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Thursday, November 24, 2011

Genealogist Holiday Check List

Over the next six weeks every genealogist has a great opportunity to reach out to his/her immediate and extended family and involve them in your genealogy research. Whether it is a family newsletter, a collection of  recipes or putting together an album of old family photos the holidays are a great time to share your research.

The holidays can also be a good time to ask your uncles, aunts and cousins for updates to their family trees. My mother comes from a large family and I have many relatives I have not seen for over forty years. Genealogy is not just about finding your past it is also about staying in contact with your living relatives. On the plus side those relatives may have photos, stories and artifacts that could help break down some brick walls.

This holiday season the most important research you do could be at your dining room table!

Sunday November 20
  • Create a letter to send to your extended family to update your records. Questions could include:
    • Children's names and birthdates
    • Names of children's spouses or children
    • Has anyone in their family done any family research
Monday November 21
Tuesday November 22
  • Check out the Salvation Army and Goodwill stores when visiting your hometown for out of print books, local artifacts, photographs, etc. that can help flesh out your family research.
Wednesday November 23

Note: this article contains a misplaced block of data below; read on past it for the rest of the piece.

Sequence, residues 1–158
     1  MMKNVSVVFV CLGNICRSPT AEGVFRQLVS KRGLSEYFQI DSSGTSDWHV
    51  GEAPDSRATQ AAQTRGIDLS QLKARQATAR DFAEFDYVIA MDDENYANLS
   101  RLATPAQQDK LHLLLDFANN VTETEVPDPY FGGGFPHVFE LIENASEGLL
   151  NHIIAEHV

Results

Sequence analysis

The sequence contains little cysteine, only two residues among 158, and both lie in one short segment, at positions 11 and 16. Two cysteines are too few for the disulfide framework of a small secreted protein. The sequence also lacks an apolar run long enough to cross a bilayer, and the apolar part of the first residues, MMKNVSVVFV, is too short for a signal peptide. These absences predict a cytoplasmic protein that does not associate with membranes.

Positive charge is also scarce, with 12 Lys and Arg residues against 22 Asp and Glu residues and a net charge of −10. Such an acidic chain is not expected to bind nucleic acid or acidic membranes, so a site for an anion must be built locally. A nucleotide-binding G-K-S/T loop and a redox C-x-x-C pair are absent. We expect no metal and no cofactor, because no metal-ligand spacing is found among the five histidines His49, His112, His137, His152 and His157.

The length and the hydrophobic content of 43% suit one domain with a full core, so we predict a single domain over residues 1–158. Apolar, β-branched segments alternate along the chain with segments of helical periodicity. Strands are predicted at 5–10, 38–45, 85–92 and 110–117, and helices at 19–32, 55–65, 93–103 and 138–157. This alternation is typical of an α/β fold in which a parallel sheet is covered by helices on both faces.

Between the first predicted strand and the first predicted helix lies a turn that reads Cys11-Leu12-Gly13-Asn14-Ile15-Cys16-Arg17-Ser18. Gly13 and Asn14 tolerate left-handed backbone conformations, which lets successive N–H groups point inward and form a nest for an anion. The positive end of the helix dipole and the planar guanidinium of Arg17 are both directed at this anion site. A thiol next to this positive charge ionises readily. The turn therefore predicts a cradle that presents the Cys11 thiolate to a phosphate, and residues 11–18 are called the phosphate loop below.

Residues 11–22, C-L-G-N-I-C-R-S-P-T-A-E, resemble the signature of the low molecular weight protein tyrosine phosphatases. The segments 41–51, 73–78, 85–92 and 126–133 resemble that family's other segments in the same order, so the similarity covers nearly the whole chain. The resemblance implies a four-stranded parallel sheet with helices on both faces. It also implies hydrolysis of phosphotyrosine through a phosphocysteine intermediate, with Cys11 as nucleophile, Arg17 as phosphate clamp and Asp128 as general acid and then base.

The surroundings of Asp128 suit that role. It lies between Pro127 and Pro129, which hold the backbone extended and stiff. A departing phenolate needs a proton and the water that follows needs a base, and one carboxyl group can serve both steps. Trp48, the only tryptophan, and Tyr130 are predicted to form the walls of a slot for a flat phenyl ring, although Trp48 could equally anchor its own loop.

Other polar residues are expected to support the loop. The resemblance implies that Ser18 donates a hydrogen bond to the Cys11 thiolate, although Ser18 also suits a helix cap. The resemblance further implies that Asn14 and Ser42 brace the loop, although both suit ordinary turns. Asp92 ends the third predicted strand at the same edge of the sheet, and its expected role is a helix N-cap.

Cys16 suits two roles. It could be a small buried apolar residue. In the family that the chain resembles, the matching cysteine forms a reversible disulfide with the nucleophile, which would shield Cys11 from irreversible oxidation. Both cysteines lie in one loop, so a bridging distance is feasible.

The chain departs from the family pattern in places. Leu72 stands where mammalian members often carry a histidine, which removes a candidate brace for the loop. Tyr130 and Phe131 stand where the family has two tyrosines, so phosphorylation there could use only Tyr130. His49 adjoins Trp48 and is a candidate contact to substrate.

• Involve the Younger Generation:
    • Take advantage of a book, movie or television program that a younger member of the family might be interested in and relate it to your family history.
    • Making home made decorations, place settings or a recipe is a natural way to start a discussion across mulitple generations.
Thursday November 24
  • The Genealogy of Thanksgiving: Explore the origins of the holiday, gather recipes and find a list of the 25 Mayflower passengers who left descendents.
Friday November 25
  • Genealogist Supply List:
    • A portable scanner can help capture family pictures and documents during family gatherings.
    • Make copies of documents you want to share with your family. This will allow you to pass them around and take notes during conversations.
    • Never go to a family gathering without a camera! You can take pictures of people, things and artifacts without having to rely on someone else to 'get a copy' for you. 
Saturday November 26
  • Make a list of topics or questions for your next family gathering. It could include:
    • Naming a memorable birthday
    • Favorite Uncle or Aunt
    • Least favorite side dish or family recipe
    • How someone met their spouse
    • Why did they move to a different town or state
    • The origin of their first or middle name
I hope everyone had a great Thanksgiving and that I have given you some food for thought for the rest of your weekend.

Take Care,

Five Generation Photo: Charles N. Schultz III, Mary Schultz, Charles Clayton Schultz holding Victoria Faye Schultz, Charles N. Schultz, Jr.

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